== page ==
Mercury will pass across the face of the sun Monday (Nov. 11) in its first such "transit" since 2016.
LiveScience, By Elizabeth Howell
© LiveScience | Mercury Transit on Monday: The Gear You Need to Watch It Safely.
The Mercury transit — which begins Monday at 7:35 a.m. EST (1235 GMT) and ends at 1:02 p.m. EST (1804 GMT) — is accessible to amateur astronomers, as long as they have the right equipment to view the event safely. (Warning: Never look directly at the sun without protection; serious and permanent eye damage can result.)
Here's a brief rundown of the ways you can safely watch the transit, either first-hand or live online.

Projecting the image

Mercury is so small that projecting the image using a simple pinhole camera, as many observers do to view solar eclipses, will not produce good results; it's likely you won't be able to see anything at all. Instead, you can project the image using binoculars, refractors or small Newtonian telescopes. (Schmidt-Cassegrain and Maksutov designs can't be used for this, because of the risk of damage.)
Put a low-power eyepiece into your telescope — one that you don't mind losing if the sun's heat cracks it. Do not look through the eyepiece or the finder scope. Instead, align the telescope using its shadow on the ground. The more closely aligned the scope is to the sun, the darker and more circular its shadow will appear, according to the British Astronomical Association (BAA).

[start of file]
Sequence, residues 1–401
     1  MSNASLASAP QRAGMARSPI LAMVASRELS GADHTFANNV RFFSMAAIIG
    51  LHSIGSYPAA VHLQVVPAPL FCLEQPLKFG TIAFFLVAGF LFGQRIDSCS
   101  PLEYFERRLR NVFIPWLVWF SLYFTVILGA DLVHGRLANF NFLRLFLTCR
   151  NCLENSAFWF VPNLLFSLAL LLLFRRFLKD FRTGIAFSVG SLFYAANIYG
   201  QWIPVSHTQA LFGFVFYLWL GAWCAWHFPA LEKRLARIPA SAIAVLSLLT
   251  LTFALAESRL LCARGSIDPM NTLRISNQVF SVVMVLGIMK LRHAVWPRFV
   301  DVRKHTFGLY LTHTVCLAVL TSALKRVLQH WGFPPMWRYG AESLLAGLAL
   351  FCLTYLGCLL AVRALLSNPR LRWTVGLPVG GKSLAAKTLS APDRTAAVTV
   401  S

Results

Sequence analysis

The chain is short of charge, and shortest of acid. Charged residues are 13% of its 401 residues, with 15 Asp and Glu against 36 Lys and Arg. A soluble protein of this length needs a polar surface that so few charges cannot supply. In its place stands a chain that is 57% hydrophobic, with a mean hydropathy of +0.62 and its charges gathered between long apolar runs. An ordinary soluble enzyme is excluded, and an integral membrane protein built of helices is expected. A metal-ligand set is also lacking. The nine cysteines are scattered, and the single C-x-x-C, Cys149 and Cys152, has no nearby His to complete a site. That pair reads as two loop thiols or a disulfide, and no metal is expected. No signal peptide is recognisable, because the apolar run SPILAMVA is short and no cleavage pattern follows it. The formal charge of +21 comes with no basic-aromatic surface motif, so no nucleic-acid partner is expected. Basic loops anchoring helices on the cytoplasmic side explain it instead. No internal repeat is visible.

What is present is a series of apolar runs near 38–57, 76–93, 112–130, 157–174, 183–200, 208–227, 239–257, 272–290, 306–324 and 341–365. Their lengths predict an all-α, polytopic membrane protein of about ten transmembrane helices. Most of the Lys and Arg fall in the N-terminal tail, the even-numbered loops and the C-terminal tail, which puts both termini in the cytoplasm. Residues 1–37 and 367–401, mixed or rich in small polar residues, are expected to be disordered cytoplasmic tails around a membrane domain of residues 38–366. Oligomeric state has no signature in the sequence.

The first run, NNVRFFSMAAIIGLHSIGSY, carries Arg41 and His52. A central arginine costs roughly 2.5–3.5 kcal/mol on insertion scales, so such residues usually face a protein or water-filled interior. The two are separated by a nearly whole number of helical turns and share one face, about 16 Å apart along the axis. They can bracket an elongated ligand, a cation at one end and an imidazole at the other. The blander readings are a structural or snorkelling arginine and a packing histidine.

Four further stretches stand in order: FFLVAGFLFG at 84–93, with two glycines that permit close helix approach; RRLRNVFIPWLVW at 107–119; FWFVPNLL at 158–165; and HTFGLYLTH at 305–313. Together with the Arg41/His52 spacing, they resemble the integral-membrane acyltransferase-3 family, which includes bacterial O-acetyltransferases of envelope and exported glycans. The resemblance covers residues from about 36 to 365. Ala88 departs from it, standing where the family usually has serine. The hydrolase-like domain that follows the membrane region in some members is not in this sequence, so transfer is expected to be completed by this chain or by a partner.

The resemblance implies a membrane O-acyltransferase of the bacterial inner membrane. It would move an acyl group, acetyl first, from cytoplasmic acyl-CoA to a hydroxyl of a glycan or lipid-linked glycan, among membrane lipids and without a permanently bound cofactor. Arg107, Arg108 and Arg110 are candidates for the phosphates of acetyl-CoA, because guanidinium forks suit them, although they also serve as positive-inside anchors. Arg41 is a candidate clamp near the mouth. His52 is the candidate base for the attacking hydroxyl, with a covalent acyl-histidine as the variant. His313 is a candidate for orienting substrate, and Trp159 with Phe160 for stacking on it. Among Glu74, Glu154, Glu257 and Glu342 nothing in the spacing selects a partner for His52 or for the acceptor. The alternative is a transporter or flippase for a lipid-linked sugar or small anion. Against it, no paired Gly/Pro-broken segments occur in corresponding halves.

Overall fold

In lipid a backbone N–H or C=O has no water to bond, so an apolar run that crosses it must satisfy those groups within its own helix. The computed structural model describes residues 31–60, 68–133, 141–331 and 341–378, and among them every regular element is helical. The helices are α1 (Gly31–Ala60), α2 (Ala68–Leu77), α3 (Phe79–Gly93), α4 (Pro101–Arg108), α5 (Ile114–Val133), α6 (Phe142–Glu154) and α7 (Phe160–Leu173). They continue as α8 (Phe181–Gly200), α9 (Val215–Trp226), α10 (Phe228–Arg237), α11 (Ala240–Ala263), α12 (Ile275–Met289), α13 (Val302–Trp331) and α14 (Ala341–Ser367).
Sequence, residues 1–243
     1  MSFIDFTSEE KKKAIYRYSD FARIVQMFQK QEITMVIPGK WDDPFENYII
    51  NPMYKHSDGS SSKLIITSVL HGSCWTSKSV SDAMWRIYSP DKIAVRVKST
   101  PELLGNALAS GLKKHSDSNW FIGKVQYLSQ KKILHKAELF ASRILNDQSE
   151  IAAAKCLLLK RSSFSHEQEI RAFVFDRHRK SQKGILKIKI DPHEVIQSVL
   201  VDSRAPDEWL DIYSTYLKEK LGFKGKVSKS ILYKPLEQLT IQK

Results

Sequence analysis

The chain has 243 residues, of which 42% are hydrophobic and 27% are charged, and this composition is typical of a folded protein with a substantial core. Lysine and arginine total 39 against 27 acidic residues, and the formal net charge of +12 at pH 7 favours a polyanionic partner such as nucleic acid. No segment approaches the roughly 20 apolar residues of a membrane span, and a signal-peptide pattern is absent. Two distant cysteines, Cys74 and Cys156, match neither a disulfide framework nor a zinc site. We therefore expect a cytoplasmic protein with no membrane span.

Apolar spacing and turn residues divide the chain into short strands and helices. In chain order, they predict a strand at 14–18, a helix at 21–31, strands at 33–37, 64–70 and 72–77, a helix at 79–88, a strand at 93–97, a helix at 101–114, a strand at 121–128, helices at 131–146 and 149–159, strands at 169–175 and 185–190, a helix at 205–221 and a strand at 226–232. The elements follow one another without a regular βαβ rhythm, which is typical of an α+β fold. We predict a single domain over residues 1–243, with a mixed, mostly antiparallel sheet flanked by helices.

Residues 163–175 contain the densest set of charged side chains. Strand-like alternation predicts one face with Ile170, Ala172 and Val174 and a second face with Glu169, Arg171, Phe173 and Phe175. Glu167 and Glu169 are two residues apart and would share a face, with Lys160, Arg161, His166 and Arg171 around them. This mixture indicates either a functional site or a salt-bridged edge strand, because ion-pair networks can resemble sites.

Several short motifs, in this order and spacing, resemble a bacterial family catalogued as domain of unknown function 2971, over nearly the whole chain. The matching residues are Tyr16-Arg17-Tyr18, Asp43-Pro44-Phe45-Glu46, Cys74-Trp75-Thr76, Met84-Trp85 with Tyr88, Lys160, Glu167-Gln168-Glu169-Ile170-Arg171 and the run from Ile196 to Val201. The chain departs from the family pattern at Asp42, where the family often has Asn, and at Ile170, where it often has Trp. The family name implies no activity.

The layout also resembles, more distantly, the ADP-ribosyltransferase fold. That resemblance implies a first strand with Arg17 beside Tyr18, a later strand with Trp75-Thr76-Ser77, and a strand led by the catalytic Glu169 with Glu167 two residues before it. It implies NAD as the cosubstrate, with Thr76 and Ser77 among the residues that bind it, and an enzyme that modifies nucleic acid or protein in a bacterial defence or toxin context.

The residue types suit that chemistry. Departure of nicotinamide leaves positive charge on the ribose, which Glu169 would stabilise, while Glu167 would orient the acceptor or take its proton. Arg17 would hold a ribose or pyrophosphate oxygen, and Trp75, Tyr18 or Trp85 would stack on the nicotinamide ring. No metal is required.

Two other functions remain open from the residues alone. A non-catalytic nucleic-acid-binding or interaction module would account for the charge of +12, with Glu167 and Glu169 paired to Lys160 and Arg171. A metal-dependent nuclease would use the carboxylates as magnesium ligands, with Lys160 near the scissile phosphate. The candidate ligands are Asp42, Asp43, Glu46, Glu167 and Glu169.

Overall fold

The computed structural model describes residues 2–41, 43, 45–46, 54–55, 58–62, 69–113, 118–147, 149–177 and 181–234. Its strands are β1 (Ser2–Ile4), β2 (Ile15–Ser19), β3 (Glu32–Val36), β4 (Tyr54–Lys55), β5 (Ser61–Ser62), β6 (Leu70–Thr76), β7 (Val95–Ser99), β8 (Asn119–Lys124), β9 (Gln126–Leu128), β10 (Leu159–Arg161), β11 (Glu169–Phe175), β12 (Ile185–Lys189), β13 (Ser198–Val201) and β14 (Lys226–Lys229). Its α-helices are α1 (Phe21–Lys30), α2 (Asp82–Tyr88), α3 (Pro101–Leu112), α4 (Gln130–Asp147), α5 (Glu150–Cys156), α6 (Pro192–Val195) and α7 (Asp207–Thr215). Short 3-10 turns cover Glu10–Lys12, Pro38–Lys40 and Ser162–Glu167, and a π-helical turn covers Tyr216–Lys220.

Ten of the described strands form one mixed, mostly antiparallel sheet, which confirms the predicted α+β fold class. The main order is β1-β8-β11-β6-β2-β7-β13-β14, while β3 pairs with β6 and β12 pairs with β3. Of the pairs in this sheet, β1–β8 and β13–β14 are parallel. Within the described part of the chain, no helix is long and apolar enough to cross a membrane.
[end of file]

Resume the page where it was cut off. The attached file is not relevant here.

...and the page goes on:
Take a piece of white paper and hold it about 1 foot (30 centimeters) away from the eyepiece to see the image. You may need to wiggle the telescope a bit to get a good view.

Binoculars or telescopes

You can also outfit your binoculars or telescope with solar filters to view the transit. The type of solar filter depends on your equipment, so check with the manufacturer to see what's approved.
Alternatively, you can make your own filters using a sheet of Mylar or Baader AstroSolar Film. Just be sure that the homemade filter is securely over the front end of your binoculars or telescope, with no cracks.
"It is essential that the filter fixes very securely to your telescope, that it is undamaged, and that it is designed for safe use with your telescope," the BAA officials wrote in a press release. "Only buy from reputable suppliers you trust, and thoroughly inspect your filters for damage every time you use them."
Filters designed for eyepieces should never be used because they are "of suspect quality" and often crack when exposed to the sun's heat, the BAA added.
This article was originally published at LiveScience. 
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